You’ve no doubt seen a lot of the chatter online concerning Target’s streaming yule-time compilation The Christmas Gig, featuring the Bradgelina of indie rock – Wavves and Best Coast – performing a duet that has taken up some face time on the blahgosphere. Additionally, you may have seen a number of decriers on the social networks criticizing the move as a “sell out” sort of thing. While I, under normal circumstances, find the Best Wavves Snacks Complex the most annoying personality in music, it’s worth mentioning that there’s no such thing as selling out anymore when considering you can’t sell albums like you could a decade ago. While I defend artists perusing placements in many cases, the Interwebs are missing a more important point here – one that leads me to take serious issue with all the artists who participated in this project.
This year, shortly after the Supreme Court struck down the ban on corporate campaign contributions, Minneapolis-based Target was one of the first major companies (if not the first) to take full advantage, floating a cool $150,000 to staunchly conservative Minnesota gubernatorial candidate Tom Emmer. Emmer is not just passively LGBT-unfriendly… he is actively anti-LGBT rights. His friends and financial beneficiaries even moreso. Did everyone forget about this piece of news?
Perhaps you might not care about gay rights, but I do, espeically in light of current events.
The state is still recounting the votes from this month’s election, and it looks close. Emmer vowed in his campaign that, if elected, he intends to push legislation through that “protects” the “sanctity” of marriage in his state – a nice throwback to the culture wars of 2004 – in addition to blocking same sex couples from parenting. Compared to the various financial crises our country currently endures, it seems that Emmer should have bigger fish to fry. That’s another conversation though.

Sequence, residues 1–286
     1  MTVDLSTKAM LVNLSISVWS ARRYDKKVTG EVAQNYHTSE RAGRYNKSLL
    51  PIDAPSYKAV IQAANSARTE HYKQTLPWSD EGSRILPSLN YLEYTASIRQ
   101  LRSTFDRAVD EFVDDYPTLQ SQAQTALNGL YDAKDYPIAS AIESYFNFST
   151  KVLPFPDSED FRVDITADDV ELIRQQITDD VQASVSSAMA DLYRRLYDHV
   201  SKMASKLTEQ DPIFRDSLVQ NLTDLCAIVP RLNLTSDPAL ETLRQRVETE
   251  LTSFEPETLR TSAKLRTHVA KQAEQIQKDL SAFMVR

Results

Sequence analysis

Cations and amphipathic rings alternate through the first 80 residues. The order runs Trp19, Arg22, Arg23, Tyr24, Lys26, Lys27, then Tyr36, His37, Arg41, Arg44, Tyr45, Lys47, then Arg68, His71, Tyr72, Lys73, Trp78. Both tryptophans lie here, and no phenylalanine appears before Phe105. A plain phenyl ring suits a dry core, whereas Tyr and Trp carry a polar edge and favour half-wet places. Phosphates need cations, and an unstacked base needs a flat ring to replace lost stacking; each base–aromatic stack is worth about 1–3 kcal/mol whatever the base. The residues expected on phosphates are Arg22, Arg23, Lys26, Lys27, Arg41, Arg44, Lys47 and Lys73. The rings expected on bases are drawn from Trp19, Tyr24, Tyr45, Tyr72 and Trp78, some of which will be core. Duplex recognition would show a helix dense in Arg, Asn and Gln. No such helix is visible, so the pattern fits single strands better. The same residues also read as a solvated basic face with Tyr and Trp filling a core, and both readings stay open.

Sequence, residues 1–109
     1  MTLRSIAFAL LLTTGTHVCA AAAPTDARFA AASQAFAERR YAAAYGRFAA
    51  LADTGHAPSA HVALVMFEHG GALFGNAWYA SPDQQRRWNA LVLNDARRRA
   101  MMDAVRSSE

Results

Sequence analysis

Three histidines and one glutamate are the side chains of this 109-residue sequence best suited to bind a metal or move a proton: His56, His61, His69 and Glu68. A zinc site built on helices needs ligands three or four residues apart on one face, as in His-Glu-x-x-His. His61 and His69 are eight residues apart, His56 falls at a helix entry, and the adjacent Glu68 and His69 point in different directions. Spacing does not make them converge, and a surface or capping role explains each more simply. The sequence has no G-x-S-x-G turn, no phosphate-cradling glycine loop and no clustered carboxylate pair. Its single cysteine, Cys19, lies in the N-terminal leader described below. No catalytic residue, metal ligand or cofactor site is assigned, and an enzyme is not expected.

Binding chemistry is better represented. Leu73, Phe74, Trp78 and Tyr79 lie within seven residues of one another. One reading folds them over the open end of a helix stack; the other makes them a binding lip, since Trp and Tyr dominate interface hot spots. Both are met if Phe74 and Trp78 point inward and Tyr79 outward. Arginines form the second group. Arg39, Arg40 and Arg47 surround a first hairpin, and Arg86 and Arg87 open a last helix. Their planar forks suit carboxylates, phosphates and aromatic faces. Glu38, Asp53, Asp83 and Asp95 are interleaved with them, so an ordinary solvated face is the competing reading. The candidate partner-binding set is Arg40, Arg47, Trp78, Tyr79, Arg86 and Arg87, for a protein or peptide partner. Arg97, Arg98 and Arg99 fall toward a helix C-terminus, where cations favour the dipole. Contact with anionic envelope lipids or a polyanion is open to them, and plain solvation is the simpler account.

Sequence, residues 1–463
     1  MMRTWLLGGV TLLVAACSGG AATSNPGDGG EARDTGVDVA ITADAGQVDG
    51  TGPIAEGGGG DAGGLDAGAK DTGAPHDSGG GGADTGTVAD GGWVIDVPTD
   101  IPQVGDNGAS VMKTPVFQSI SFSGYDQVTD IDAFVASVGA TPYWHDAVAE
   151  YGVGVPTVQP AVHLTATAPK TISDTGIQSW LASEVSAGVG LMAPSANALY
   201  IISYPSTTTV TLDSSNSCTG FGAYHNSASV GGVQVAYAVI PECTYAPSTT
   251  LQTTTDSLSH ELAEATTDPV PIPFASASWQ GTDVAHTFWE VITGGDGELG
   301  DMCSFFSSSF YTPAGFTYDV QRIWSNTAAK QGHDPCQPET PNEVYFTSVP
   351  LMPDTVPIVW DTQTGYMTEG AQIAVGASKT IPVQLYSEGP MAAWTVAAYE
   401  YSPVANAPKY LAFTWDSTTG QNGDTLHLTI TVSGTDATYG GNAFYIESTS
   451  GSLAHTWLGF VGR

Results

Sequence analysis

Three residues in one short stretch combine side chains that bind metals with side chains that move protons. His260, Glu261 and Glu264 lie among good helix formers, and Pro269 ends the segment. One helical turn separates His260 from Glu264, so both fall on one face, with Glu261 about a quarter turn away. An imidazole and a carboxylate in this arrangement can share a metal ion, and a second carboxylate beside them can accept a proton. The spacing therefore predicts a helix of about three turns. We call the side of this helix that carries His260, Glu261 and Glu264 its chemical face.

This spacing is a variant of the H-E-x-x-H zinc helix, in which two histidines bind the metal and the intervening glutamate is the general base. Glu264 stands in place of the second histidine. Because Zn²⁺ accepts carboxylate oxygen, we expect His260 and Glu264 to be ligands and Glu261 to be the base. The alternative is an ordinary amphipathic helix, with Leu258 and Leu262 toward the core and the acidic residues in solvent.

Though it’s reasonable to infer that Target’s contribution was motivated by his pro-commerce platform, you still tacitly approve of both the economic and social issues of a candidate when you donate money, particularly such a large amount. What a shot in the ass too, considering Target’s demographic is probably younger and more progressive than comparable big box stores.
This, of course, led to a nationwide and highly publicized boycott of the store last summer, and one I currently participate in. The Awl sums up the call to action rather nicely:
By approving direct influence on elections in Citizens United, the Supreme Court handed power to corporations. But at the same time, when they do so, corporations abandon their old black-ops approach and make themselves unusually transparent. This actually puts the true power in the hand of the consumer.
So: “Target supports causes and candidates based strictly on issues that affect our retail and business interests.”
Target is giving every American, nearly literally, a vote with his or her dollar. So, self-respecting progressive Americans who profess to support the gay community, it’s put up or shut-up time; here is your chance to go beyond complaining about the Citizens United ruling and actually act to define what a strict “business interest” is.
Dawwww… who knew the folks with such a cute puppy could be responsible for such nefarious shit?
So this brings us back to Nathan, Bethany, and friends. Knowing that a substantial group of rational people found the connection between Target, their political activity, and the social views of Tom Emmer offensive enough to take a stand with their wallet, isn’t it also fair to find the contributions of these artists, many of whom probably have a sizable LGBT and LGBT-ally fan base, in poor taste? Particularly when considering what Target has come to represent for a segment of the population in 2010?